If your data is outside your firewall, in a public cloud for example, it must be encrypted. Keys should be generated and managed internally by trusted individuals, separate from any third-party service to ensure total data privacy.
“With the rise in edge users and devices, understand that user identities can be compromised, and that the communication source is now meaningless from a security standpoint, “he said.
The bottom line is that enterprise managers must adopt a zero-trust policy. Verify any device or user trying to connect to their systems before granting access. “This is the essence of a zero-trust philosophy: systems should never rely on the communication source and should authenticate each access attempt from every endpoint, including devices on the LAN or VPN,” he added.
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Strong Security Needs to Be Built Into the Foundations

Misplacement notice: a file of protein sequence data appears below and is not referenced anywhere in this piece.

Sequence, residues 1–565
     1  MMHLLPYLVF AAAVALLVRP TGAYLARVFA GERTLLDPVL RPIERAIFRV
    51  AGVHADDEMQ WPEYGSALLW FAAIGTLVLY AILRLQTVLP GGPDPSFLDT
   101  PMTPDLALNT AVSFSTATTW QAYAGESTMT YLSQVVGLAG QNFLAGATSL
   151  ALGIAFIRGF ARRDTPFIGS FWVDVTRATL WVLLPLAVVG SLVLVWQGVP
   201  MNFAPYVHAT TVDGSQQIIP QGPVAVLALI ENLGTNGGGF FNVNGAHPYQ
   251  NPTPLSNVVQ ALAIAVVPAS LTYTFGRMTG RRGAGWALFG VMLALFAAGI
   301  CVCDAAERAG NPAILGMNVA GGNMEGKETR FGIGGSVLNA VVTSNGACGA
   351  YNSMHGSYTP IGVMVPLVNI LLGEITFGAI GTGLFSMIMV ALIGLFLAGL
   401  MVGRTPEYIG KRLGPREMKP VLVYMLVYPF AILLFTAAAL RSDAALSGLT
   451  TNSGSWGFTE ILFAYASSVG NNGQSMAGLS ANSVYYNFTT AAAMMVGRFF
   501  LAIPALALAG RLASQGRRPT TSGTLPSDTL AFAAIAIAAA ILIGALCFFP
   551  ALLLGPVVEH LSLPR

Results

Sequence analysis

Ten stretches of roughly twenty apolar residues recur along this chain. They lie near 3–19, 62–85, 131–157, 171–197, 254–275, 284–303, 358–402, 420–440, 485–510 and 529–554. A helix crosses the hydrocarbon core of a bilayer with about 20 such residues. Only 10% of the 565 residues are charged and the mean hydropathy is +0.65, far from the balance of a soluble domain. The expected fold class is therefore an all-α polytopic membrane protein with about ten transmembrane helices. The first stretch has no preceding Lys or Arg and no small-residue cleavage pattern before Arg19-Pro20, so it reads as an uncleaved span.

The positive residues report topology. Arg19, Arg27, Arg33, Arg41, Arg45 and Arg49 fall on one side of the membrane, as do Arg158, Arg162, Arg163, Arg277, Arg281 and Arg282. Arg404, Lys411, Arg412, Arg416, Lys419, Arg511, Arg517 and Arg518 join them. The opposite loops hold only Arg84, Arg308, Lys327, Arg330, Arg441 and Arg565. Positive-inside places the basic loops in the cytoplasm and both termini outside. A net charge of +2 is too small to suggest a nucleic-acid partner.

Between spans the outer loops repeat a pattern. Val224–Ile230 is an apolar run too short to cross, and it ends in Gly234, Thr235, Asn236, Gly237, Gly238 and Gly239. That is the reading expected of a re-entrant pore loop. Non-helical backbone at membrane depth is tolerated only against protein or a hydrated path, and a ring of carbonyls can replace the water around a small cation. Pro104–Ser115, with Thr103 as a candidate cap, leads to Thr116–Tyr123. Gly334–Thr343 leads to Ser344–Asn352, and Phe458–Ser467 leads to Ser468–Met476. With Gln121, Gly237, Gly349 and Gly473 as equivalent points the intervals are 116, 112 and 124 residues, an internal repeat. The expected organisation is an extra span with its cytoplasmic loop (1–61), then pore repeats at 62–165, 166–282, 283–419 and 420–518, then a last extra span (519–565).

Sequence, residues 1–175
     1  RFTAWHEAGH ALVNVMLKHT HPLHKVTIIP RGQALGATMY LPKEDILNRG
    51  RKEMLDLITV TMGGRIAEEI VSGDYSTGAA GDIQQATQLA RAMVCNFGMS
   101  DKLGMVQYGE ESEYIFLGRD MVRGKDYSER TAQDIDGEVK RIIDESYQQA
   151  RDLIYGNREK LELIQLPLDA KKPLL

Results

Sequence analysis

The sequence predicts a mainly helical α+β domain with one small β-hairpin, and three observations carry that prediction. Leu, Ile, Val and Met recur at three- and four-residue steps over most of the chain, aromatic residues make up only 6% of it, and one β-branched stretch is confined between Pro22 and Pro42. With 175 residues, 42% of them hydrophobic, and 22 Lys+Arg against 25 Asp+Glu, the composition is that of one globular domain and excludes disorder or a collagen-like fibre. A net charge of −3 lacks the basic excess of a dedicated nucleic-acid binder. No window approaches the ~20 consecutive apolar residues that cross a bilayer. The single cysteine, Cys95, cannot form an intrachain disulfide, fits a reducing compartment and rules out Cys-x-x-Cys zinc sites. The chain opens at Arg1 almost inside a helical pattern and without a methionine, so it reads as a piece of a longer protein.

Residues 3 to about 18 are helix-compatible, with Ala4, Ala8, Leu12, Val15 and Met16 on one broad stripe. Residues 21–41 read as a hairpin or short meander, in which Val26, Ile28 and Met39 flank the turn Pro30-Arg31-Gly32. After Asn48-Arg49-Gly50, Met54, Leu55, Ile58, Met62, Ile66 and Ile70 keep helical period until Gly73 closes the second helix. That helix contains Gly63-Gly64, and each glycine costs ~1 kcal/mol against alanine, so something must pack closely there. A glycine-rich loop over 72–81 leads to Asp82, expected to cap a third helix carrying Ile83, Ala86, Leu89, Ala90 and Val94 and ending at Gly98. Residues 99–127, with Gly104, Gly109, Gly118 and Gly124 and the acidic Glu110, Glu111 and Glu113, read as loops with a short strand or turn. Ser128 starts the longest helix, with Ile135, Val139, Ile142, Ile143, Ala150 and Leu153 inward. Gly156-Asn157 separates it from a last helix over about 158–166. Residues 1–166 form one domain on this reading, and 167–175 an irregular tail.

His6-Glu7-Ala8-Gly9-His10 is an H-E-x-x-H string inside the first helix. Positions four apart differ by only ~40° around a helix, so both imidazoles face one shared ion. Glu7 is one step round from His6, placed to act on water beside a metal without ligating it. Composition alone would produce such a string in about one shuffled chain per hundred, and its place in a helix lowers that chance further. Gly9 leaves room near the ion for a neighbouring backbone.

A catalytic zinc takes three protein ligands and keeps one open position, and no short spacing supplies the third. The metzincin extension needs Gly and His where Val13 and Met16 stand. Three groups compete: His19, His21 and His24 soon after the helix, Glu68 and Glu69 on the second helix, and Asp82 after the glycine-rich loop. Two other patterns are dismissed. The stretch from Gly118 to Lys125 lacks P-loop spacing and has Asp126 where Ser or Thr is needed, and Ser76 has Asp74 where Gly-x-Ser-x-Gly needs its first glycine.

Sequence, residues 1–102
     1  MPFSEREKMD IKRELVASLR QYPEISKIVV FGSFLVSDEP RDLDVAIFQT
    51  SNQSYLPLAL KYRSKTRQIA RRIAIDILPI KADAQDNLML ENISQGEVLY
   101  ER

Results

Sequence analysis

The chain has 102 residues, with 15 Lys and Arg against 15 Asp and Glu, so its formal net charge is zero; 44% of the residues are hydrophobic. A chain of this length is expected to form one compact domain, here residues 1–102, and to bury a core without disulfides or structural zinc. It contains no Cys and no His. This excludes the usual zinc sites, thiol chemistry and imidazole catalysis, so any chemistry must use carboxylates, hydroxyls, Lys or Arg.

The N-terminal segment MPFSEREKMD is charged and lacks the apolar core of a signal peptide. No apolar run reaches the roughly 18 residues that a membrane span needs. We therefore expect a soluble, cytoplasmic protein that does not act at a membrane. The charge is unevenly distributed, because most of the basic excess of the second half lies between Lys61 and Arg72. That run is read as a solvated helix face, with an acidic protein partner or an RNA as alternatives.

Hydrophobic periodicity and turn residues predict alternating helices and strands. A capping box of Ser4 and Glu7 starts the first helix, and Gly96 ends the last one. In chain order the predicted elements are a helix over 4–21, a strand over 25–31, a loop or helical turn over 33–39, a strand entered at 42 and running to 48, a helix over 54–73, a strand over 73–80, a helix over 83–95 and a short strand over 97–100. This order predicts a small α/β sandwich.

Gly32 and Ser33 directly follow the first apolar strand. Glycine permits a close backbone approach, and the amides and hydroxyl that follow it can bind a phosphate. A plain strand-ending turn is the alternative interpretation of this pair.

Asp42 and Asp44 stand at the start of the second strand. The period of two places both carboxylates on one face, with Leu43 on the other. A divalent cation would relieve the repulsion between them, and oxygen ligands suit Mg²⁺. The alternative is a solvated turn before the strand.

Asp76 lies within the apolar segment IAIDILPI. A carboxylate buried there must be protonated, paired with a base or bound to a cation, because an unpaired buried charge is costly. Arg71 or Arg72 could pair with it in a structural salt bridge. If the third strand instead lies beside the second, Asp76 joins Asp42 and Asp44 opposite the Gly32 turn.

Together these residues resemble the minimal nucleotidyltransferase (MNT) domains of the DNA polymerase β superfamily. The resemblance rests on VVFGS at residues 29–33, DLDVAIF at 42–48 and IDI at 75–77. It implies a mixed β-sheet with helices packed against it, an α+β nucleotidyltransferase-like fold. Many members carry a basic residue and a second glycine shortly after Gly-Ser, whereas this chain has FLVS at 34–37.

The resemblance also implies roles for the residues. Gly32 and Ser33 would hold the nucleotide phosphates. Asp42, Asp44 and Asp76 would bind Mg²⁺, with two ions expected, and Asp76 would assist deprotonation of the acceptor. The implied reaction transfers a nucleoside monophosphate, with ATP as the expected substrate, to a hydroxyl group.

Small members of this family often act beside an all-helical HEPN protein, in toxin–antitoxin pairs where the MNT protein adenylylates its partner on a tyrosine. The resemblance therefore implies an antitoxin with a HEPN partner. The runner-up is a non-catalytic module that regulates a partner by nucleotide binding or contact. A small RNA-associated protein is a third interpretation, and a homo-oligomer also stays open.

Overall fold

However, before doing anything, it is important to remember that the problem is not the cloud — it’s the implementations. Cloud service providers, like AWS and Azure offer a wealth of security features while there is a massive universe of security technologies that provide all manner of protections and alerting for attacks, Andrew Plato, CEO of Beaverton, OR-based Zenaciti. “The problem is, and always has been, how companies implement, manage, monitor, and maintain their workloads in the cloud, he said. “If you start with a weak infrastructure or lack of controls, and keep nursing that along for years it is an inevitable you will be attacked.”
The real problem with cloud security is that it is not the same as on-premise security. Many companies (and vendors) keep promoting the idea that you can simply take what you have running in a data center and move it to the cloud. That does not work. Cloud environments are fundamentally different and require a fundamentally different approach to security. This is why there is such a strong push for zero-trust environments. Moreover, many of these companies lack basic monitor abilities.
As such, when an attack happens it can be weeks or months before they are even aware of the attack, since there are no monitoring capabilities. “Cloud service providers offer a large collection of tools. If a company uses those tools to build an insecure application, it is not the tool that is the problem. It is the person holding the tool,” he added.